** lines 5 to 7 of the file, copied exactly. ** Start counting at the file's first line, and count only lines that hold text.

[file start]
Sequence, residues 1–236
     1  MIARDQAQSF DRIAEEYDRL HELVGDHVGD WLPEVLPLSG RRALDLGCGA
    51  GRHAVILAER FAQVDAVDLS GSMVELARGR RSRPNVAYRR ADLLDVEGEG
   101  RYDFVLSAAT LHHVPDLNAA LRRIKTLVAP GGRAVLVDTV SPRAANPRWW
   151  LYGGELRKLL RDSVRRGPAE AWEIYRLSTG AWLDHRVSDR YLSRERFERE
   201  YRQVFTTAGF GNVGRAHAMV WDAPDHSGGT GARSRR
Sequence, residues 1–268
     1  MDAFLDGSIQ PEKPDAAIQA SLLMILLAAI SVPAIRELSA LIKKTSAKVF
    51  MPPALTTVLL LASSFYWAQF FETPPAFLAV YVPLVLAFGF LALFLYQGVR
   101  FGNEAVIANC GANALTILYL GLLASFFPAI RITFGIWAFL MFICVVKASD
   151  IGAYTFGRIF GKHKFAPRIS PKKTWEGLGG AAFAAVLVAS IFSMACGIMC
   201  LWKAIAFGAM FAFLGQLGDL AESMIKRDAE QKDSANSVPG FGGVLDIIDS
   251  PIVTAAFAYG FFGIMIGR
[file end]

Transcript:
   151  LYGGELRKLL RDSVRRGPAE AWEIYRLSTG AWLDHRVSDR YLSRERFERE
   201  YRQVFTTAGF GNVGRAHAMV WDAPDHSGGT GARSRR
Sequence, residues 1–268